Like any yarn, galloping towards a direction, we are introduced to elements of perversion here as well. They are called Hollowgasts or simply Hollows, people who became monsters as a result of an experiment gone wrong. Misshapen they can’t be seen with naked eyes (unless you are Jake or Abe of course). Hollows hunt for peculiars as that’s their only chance to become a tad normal. They are known as Wights. Barron is the head of the wights who has been trying to hunt down more Ymbrynes to continue his experiments of immortality.

still of a hollowgast or hollow in miss peregrine movie

The real tension begins when Mr. Barron follows Jake to their timeloop who is then followed up by a ghastly Hollowgaust. Tim Burton uses peculiar children’s abilities to help each other out from that situation. A bomb drops and their loop forever shuts down.

It is then when Jake and the other peculiars decide to save Miss Peregrine and other Ymbrynes from the clutches of the evil wights. That becomes the sole theme of the movie afterwards.

You can pre-order Miss Peregrine’s Home for Peculiar children here:


The first obvious one was Shelly, the non-peculiar. Her reaction when she finds oddity going on in the real world is not what we expect. It is as if Tim Burton has taken it for granted that everybody is okay with a tinge of eccentricity. I mean, if I was there, I would have first freaked out. The abnormal absent reaction of Shelly will make you think,

“Is she for real?”

Then moving on to Miss Peregrine’s character. To be really candid, Eva Green wasn’t really fit for the role. Okay, she does bring a rare sense of grandeur to her character but was that really enough? Her portrayal was very unconvincing and forgetful. Could it be because of the limited screen-time she had?

There was nothing motherly about her portrayal, if she was supposed to be the caretaker of those children. Somehow I felt a stronger character was supposed to be the call of the hour that no one took. The script demanded someone powerful like Helena Bonham Carter, Meryl Streep or Emma Thompson for that to matter.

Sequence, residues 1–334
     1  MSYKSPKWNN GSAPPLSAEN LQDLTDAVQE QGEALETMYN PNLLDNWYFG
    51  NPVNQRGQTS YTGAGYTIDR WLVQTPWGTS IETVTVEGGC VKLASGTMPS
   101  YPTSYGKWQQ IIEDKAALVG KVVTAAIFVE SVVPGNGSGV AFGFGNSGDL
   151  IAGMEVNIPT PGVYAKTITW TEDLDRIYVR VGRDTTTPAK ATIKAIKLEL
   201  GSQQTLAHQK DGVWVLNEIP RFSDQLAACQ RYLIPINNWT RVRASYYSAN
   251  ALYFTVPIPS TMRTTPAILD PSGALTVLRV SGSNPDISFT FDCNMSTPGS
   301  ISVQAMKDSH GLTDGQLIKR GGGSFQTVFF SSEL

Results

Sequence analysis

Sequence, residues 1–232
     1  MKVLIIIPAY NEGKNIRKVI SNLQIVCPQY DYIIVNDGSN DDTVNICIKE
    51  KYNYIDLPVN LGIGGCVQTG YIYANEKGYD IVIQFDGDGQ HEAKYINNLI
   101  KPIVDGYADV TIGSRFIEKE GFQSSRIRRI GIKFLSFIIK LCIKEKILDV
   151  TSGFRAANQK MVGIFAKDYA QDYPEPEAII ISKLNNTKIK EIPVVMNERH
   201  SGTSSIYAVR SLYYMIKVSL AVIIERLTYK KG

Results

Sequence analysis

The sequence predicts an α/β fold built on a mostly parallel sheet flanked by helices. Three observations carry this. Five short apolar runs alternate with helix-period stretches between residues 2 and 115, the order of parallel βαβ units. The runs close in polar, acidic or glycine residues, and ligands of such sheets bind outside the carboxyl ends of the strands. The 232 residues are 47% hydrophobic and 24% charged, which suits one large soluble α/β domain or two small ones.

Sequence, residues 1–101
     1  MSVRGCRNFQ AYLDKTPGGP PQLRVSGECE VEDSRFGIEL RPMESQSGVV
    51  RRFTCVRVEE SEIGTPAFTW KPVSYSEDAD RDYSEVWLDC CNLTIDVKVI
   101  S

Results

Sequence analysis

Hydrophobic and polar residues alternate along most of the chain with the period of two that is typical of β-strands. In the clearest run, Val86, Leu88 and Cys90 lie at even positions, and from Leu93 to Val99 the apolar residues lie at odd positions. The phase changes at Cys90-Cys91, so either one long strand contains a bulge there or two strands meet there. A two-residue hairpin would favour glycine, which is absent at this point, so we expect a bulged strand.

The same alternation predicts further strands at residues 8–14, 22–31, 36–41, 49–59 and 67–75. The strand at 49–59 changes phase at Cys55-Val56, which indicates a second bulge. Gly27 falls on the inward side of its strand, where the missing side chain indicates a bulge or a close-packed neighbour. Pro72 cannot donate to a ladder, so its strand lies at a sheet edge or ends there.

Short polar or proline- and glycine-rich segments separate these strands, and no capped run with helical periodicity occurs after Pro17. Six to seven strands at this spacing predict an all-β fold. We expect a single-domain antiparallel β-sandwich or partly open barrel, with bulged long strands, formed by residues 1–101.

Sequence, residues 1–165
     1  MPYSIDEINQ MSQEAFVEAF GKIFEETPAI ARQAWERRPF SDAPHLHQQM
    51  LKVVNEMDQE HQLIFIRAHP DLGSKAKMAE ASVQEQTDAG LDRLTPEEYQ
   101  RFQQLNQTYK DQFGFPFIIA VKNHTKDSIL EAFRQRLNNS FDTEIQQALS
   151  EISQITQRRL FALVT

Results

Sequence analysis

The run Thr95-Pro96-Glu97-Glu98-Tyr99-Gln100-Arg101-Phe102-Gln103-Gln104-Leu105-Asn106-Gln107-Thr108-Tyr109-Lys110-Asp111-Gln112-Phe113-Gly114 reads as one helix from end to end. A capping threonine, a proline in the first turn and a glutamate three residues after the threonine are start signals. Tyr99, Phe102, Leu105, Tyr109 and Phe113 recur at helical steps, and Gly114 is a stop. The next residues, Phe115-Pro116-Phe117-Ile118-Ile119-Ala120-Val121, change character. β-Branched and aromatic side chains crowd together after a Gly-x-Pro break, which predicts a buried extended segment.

With time loop being one of the major driving forces of the tale, Burton’s depiction ends up becoming really bland. Tim Burton’s loops are empty. They come and go at odd hours without packing in much theatrics which ebbs its colossal import. At a time where the ending fight should have mattered the most, the backcloth score of a carnival makes that huge showdown a laughable affair.

Samuel Jackson plays a non-serious villain trying to introduce some humour through his acts. He is alright actually. He makes himself less scary even though he looks terrifying. The Whites of the Wights ( their eyes) were enough to terrorize little kids who had come thinking it was a Disney movie.

still of Samuel Jackson as Baron in Miss Peregrine

Miss Peregrine’s Home for Peculiar Children isn’t really dark. But there are dark elements in the tale nevertheless that are trying real hard to throw in different angles. But the depiction of it all ends up becoming more fun than gloomy. What makes it so is not only just the odd placement of music by Matthew Margeson and Michael Higham but also its less terrorizing banal acts. You can also count both stop motion animation and the CGI of the movie in whilst judging it.


To drop the final gavel on this, I would say it is an enjoyable ride nevertheless. However I do wish to see a perceptive TV series made on Ransom Rigg’s book, to capture the beauty of its ravishing story in pensive time frames.

Check out the trailer of Miss Peregrine’s Home for Peculiar Children here: